First, the build-up to the invasion itself. As reported here on Raw Story, Senator Kerry recently sent a letter to the Senate Intelligence Committee demanding that some of the issues of the Downing Street Memos be addressed. One of the chief concerns is that the memos indicate that, even as the White House was insisting in the summer of 2002 that war against Iraq would be a “last resort,” it seemed clear to top British officials working with the U.S. government that a military invasion was seen as “inevitable.” The memos also reference “spikes of activity” that had already begun to “put pressure” on the Iraqi government—Larisa Alexandrovna of Raw Story has pointed out an interview with Lieutenant General T. Michael Moseley, in charge of the air campaign in Iraq, who admitted that those “spikes of activity” were covert bombings of Iraq—on average, 10 tons of bombs every month from May to August of 2002—well before the American government made even the rubber stamped approval that Bush eventually secured.

And as the American military establishment began an inexorable march towards convincing the American public of a war that they had apparently already started, thoughts of long-term consequences seemed to be the furthest thing from their minds. Over and over in the Downing Street Memos, British officials express concern that Americans “underestimate[ed] the difficulties” of such a campaign, had “little discussion in Washington of the aftermath after military action,” were “virtually silent” on what the British saw as a likely “protracted and costly nation-building exercise,” and that Bush had no plans as to what would happen “the morning after” a successful invasion.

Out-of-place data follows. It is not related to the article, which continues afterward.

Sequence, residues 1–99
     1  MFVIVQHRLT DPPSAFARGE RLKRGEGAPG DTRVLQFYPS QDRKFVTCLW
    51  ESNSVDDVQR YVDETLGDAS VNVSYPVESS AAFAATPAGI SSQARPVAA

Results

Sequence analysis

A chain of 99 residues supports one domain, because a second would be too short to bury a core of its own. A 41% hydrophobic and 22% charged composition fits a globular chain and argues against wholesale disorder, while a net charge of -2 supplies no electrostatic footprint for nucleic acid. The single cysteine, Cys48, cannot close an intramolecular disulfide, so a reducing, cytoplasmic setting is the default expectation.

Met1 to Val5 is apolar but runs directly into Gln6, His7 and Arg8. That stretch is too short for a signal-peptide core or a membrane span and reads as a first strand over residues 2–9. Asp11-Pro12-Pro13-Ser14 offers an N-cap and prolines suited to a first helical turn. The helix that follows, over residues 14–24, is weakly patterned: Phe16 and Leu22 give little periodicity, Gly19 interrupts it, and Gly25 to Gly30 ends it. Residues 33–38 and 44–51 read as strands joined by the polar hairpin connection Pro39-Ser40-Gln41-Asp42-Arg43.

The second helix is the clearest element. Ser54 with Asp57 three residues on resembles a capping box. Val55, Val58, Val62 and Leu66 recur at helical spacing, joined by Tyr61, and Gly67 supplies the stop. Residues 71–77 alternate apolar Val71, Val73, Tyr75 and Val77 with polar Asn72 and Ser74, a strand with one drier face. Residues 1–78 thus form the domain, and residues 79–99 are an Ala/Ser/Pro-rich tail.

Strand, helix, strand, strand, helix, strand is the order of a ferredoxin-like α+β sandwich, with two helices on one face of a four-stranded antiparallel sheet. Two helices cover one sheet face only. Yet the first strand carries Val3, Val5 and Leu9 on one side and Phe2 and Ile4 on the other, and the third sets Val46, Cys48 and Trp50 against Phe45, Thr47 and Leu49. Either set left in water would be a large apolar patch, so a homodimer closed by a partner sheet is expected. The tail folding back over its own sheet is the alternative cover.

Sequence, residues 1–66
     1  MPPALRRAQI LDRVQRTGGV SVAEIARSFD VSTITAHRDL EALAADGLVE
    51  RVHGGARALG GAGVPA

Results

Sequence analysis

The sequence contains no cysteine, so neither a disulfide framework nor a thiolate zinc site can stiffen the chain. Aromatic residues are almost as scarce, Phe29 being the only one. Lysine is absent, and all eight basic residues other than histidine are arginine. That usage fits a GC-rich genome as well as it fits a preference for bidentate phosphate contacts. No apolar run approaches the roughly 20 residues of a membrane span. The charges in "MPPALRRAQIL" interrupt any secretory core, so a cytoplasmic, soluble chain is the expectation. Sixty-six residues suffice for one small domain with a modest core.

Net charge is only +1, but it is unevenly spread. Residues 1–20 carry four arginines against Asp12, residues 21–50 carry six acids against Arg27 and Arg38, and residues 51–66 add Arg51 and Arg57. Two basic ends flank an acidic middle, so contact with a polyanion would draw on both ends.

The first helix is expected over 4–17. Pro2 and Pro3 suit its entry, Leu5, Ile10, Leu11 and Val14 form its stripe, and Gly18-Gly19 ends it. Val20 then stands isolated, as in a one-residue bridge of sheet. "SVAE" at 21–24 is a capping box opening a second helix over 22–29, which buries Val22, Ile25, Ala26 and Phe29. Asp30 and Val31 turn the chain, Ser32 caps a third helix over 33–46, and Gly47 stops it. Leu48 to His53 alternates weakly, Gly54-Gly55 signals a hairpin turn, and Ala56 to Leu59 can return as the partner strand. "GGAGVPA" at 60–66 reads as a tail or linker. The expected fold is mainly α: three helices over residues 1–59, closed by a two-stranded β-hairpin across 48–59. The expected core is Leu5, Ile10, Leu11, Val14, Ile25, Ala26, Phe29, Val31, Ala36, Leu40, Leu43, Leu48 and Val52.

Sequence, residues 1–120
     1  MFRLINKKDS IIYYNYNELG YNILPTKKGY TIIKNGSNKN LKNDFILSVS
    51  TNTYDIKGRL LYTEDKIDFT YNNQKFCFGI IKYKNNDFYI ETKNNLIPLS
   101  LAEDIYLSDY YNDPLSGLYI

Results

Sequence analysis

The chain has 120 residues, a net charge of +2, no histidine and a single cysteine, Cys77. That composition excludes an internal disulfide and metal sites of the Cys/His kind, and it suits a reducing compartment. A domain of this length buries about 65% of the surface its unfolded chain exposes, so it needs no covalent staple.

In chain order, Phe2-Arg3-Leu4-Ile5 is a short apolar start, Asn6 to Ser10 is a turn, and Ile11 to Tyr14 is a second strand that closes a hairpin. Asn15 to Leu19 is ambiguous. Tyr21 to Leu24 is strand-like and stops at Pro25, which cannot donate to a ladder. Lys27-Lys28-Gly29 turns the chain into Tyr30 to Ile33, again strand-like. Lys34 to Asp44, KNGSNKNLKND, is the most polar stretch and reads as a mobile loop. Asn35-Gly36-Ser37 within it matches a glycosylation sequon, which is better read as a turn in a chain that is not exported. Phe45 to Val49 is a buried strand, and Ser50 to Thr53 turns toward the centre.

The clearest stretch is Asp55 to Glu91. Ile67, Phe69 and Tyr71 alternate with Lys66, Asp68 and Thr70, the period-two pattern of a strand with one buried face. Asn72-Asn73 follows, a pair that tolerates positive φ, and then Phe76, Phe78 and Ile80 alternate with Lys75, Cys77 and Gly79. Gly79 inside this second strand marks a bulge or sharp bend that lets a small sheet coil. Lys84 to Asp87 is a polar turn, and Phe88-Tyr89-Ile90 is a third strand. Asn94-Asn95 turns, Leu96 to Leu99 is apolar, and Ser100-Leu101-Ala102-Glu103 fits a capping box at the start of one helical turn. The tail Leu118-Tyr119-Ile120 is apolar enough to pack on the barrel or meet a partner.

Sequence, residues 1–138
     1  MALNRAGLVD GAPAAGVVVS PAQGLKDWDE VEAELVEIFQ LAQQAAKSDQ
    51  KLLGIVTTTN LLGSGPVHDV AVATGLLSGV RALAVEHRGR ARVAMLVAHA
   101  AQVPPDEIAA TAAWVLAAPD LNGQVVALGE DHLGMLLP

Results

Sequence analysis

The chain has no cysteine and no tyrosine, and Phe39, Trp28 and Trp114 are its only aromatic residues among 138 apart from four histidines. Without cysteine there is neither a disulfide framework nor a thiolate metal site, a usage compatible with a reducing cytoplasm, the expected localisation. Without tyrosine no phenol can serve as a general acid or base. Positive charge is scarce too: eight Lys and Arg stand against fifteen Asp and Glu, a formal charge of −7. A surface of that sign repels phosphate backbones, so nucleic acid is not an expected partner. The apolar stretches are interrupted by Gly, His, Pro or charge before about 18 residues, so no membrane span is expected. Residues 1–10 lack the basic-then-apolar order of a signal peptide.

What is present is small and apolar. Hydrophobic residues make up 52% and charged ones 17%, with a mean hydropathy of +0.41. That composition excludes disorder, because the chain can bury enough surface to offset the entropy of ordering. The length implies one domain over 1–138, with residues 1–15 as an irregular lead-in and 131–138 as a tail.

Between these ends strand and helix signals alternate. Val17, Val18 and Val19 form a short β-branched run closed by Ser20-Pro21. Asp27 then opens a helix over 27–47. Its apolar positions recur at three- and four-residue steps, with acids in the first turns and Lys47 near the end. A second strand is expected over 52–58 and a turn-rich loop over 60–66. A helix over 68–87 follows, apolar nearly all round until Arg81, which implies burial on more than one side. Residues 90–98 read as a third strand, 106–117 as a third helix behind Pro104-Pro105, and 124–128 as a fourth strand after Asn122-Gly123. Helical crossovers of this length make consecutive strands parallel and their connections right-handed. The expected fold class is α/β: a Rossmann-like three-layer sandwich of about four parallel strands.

Perhaps most galling is the typical conservative response to such a blatant exposure of irresponsible and dangerous decision-making. In a rare exception to the norm, Republican Walter Jones—the politician who demanded renaming french fries “freedom fries” in the Capitol Hill dining room—has been so horrified by the military (lack of) leadership that he has reversed his previous hawk position to demanding that Bush present some sort of idea of a timeline of when American troops will be coming home. More commonplace is the attitude of Christopher Hitchens, writing for Slate, who described Jones as demanding “that we tell the al-Qaida forces in Iraq exactly when we intend to give up.”

How can they get away with this? How can the Bush White House blithely decide to invade Iraq, begin tailoring U.S. intelligence to selectively create the greatest case for a cherry-picked justification, start a covert military campaign in advance of any authorization by Congress, ignore any of the larger consequences, be it for the future of Iraqis, stability of the Middle East as a whole, or the lives of American soldiers being told to serve longer and longer tours of duty in an occupation seemingly without end, and then still use the “if you’re not with us, you’re with the terrorists!” defense?

This is an unconscionable lack of responsibility on the part of the American Republican leadership. Perhaps it’s easy for Hitchens to fire off a superficial bon mot dismissing any pretense of intelligence or accountability. But it shouldn’t be so easy for the American people to accept such carelessness from those who are charged with the lives of our soldiers.

Dara Purvis can be read each Monday, here at Raw Story. You can also visit her online at